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    Hi guys,

    If you've read my other post in 'Carton Manufactoring and the Printing Industry' you'd see that i'm wanting a new challange and a new career.

    I'm 26 and very career minded and unfortunatly the printing industry just isn't what it was (im sure you can say that about most industry') so i've decided i would like to train in engineering - hopefully to build a good life time career.

    I have a few questions for the engineers on TSM - Please don't shoot me down, im not a 'troll' whatever that is, i am genuine and i need of advice from the people in the sector.

    So here goes... :-)

    At 26 am i too old to be an apprentice?
    I like to fix things - is mechanical right for me?
    I work better in stressful enviroments - would nuclear / chemical and oil engineering be good for me?
    I would like to keep working - are the distance learning courses worth my money?

    Could someone give me a brief rundown on types of engineering and what is needed in terms of qualifications to do said jobs? (or a link would be great)

    Your help would be brilliant

    Kind Regards
    Lee
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    If you want to know whether you're too old for an apprenticeship, ask the people who are recruiting apprentices yourself, as only they can give the correct answer.

    If you like to fix things, an apprenticeship is the way to go. Apprenticeships aren't classed into different disciplines like degrees, though. There aren't really "mechanical engineering apprenticeships" and "civil engineering apprenticeships" - they are generally very job specific (hence why the learning is done on the job) and you will be taught whatever it takes for you to do the job. If it's fixing things, then I'd imagine there'd be a fair amount of electrical work, too.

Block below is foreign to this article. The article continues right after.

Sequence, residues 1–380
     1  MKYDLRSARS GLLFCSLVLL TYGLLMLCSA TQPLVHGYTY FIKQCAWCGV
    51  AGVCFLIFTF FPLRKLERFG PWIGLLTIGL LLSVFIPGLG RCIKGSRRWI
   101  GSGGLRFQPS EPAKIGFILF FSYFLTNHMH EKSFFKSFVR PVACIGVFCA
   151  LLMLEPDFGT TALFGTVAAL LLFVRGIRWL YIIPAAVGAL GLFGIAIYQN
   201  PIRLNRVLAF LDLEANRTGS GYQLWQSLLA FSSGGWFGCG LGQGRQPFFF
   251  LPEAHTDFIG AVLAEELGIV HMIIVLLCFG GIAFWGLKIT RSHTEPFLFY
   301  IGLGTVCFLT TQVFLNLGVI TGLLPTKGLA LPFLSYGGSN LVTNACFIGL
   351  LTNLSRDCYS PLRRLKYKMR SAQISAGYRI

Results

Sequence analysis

If you like stressful working environments, the oil industry is definitely for you.

    I don't really know about distance learning, sorry.
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    (Original post by Smack)
    If you want to know whether you're too old for an apprenticeship, ask the people who are recruiting apprentices yourself, as only they can give the correct answer.

    If you like to fix things, an apprenticeship is the way to go. Apprenticeships aren't classed into different disciplines like degrees, though. There aren't really "mechanical engineering apprenticeships" and "civil engineering apprenticeships" - they are generally very job specific (hence why the learning is done on the job) and you will be taught whatever it takes for you to do the job. If it's fixing things, then I'd imagine there'd be a fair amount of electrical work, too.

    If you like stressful working environments, the oil industry is definitely for you.

    I don't really know about distance learning, sorry.
    Thanks for your reply, Smack


    I guess it's choosing the correct path to take - To the left is a 'general' apprenticeship, and to the right is a specific degree.

    I shall have a more indepth look at the oil industry :-)

    PS: What does Nuclear engineering come under in terms of subject? IE Chemical etc...


    Thanks
    Lee
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    (Original post by Lee R)
    Thanks for your reply, Smack


    I guess it's choosing the correct path to take - To the left is a 'general' apprenticeship, and to the right is a specific degree.

    I shall have a more indepth look at the oil industry :-)

    PS: What does Nuclear engineering come under in terms of subject? IE Chemical etc...


    Thanks
    Lee
    Electrical, mechanical, civil and chemical engineers will all be working in the design, construction, operation and maintenance of nuclear plants.
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    (Original post by Smack)
    Electrical, mechanical, civil and chemical engineers will all be working in the design, construction, operation and maintenance of nuclear plants.
    Thanks Smack
 
 
 
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